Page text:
Quantitative Easing in the US and Financial Cycles in Emerging Markets
MetadataShow full item record
Large international capital movements tend to be associated with strong fluctuations in asset prices and credit, contributing to domestic financial cycles and posing challenges for stabilization policies, especially in emerging market economies. In this paper we argue that these challenges are particularly severe if the global financial cycle is driven by quantitative easing (QE) in the US, and when the local banking sector has large holdings of government bonds, like in many Latin American countries. We first show empirically that a typical round of QE by the US Fed leads to a persistent expansion in credit to households and a significant loss of price competitiveness in this group of economies. We next develop a quantitative macroeconomic model of a small open economy with segmented asset markets and banks, which accounts for these observations. In this framework, foreign QE creates tensions between macroeconomic and financial stability as a contractionary impact of exchange rate appreciation is accompanied by booming credit and house prices. As a consequence, conventional monetary policy accommodation aimed at stabilizing output and inflation would further exacerbate domestic financial cycle. We show that an effective way of resolving this trade-off is to impose a time-varying tax on capital inflows. Combining foreign exchange interventions with tightening of local credit policies can also restore macroeconomic and financial stability, but at the expense of a large redistribution of wealth between borrowers and savers.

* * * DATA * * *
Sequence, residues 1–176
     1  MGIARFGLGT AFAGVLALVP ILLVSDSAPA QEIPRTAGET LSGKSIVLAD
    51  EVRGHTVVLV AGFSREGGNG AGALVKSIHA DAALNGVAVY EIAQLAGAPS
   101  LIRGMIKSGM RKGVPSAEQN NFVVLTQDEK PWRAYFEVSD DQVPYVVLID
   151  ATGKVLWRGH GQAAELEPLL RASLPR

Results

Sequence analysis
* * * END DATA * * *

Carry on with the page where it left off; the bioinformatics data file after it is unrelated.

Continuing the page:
Website of the publisherhttp://wydawnictwo.sgh.waw.pl
- KAE Working Papers 
Using this material is possible in accordance with the relevant provisions of fair use or other exceptions provided by law. Other use requires the consent of the holder.